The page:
On October 21 (following a time extension asked by the Israeli Govern), the state attorney notified to the High Court of Justice that the Minister of Defense has agreed to enter mediation on the legal dispute on the fate of the Palestinian residents of the eight communities in Firing Zone 918, in the south Hebron hills. The State approved also the Court’s suggestion to appoint former Justice Prof. Zamir as the mediator.
The time expected for mediation will be four months, that can be extended.
On 2 September 2013 the High Court of Justice held a hearing in the new petitions filed by ACRI and Adv. Shlomo Lecker against the eviction of approximately 1,300 residents of ‘Firing Zone 918’ in Masafer Yatta.
At the hearing, the petitioners’ argued against the State position that was submitted in July 2012. The lawyers said that the argument, in terms of who could be considered as a resident of the firing zone area, should be based on the year 1999 when the Israeli Military forcibly evicted over 700 residents and destroyed or confiscated the homes and other property and not the 1980s as the State argue. In addition, the lawyers maintained that there is no real military necessity to declare the area as a firing zone for military training. The lawyers put forward alternative areas in the Negev which are larger than Firing Zone 918 that the Israeli forces could use for training.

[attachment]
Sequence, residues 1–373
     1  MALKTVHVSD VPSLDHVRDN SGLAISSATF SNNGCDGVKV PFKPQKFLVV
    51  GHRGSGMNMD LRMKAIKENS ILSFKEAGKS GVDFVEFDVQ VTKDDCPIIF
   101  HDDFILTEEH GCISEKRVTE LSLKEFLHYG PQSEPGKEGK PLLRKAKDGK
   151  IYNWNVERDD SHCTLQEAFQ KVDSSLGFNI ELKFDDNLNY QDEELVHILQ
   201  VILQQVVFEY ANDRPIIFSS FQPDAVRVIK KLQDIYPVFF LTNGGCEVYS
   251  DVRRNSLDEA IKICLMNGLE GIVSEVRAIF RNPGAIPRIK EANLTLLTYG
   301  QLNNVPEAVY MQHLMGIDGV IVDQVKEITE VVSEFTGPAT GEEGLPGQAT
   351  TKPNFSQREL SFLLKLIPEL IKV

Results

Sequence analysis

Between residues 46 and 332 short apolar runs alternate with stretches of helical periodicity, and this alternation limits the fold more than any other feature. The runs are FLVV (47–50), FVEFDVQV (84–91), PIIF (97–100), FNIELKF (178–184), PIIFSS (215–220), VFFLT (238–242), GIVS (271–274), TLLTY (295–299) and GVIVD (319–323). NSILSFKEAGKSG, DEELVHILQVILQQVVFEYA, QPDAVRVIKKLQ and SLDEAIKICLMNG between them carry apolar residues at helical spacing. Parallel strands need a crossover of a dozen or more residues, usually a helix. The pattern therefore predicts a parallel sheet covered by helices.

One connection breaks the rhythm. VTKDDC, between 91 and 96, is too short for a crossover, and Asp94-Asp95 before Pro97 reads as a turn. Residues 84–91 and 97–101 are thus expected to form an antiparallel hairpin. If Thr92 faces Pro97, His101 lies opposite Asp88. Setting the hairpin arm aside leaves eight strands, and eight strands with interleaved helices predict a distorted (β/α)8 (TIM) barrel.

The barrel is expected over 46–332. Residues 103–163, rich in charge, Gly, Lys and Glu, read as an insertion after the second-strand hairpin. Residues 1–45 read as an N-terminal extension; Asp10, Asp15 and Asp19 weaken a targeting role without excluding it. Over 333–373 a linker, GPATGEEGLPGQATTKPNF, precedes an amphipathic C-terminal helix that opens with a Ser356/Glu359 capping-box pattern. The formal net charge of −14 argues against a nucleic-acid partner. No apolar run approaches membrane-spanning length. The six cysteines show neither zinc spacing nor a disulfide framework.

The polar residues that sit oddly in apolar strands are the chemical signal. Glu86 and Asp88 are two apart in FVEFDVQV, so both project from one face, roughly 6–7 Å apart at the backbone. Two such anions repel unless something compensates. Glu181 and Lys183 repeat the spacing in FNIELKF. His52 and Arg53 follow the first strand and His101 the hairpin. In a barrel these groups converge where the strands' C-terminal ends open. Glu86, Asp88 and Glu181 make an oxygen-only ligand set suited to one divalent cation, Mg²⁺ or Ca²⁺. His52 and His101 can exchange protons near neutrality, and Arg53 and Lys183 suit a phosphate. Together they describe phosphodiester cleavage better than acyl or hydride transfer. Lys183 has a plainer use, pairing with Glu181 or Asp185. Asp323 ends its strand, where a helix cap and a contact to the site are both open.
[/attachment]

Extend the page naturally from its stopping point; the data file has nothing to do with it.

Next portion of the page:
The Attorney General argued that Firing Zone 918 is essential due to its topography that meets the training needs of the military. The State argued that the existence of the people in Firing Zone 918 and their structures would put the soldiers at risk of injury and of not being able to perform their training. In addition, the State argued that the people living there are not permanents residents. The State claimed that the number of the people living inside the Firing Zone now does not reflect the number of the people who were living in the area before the declaration as a closed military zone.
At the close of the hearing the Court suggested that the parties enter into a mediation process in order to reach a mutually agreeable settlement and nominated former High Court Justice Professor Yitzhak Zamir to be the mediator.
The petitioner’s lawyers agreed to the Court’s proposal, while the State was permitted until 7 October 2013 to submit their position to the mediation process.
The mediation process, which is set to begin soon, would be the second time that the case reaches a mediator. In 2002, the Israeli High Court sent the case to mediation which focused on determining whether the residents of the communities in Firing Zone 918 are permanent residents of the area, a status which would affect their rights under Israeli military law. The mediation ended in 2005 without any results.